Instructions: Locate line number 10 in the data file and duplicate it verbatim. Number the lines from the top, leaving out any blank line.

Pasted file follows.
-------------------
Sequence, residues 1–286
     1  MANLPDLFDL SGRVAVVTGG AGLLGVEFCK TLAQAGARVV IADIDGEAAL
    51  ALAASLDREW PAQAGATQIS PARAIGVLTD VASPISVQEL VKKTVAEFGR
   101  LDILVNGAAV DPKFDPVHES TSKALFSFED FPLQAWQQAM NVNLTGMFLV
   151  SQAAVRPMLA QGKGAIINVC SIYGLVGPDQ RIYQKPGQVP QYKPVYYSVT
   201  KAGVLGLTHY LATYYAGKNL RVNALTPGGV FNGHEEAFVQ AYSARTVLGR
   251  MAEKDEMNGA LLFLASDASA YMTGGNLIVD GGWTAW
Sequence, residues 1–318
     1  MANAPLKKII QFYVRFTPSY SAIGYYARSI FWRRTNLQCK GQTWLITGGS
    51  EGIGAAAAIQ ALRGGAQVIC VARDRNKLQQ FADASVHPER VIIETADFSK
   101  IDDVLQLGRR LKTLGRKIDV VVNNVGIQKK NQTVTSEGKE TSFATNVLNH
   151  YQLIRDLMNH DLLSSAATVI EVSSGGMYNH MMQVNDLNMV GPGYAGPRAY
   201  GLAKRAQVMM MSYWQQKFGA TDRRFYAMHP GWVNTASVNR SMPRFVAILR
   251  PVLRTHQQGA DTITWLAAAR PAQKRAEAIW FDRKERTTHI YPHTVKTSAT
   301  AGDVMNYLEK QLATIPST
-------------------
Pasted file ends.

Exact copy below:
    51  EGIGAAAAIQ ALRGGAQVIC VARDRNKLQQ FADASVHPER VIIETADFSK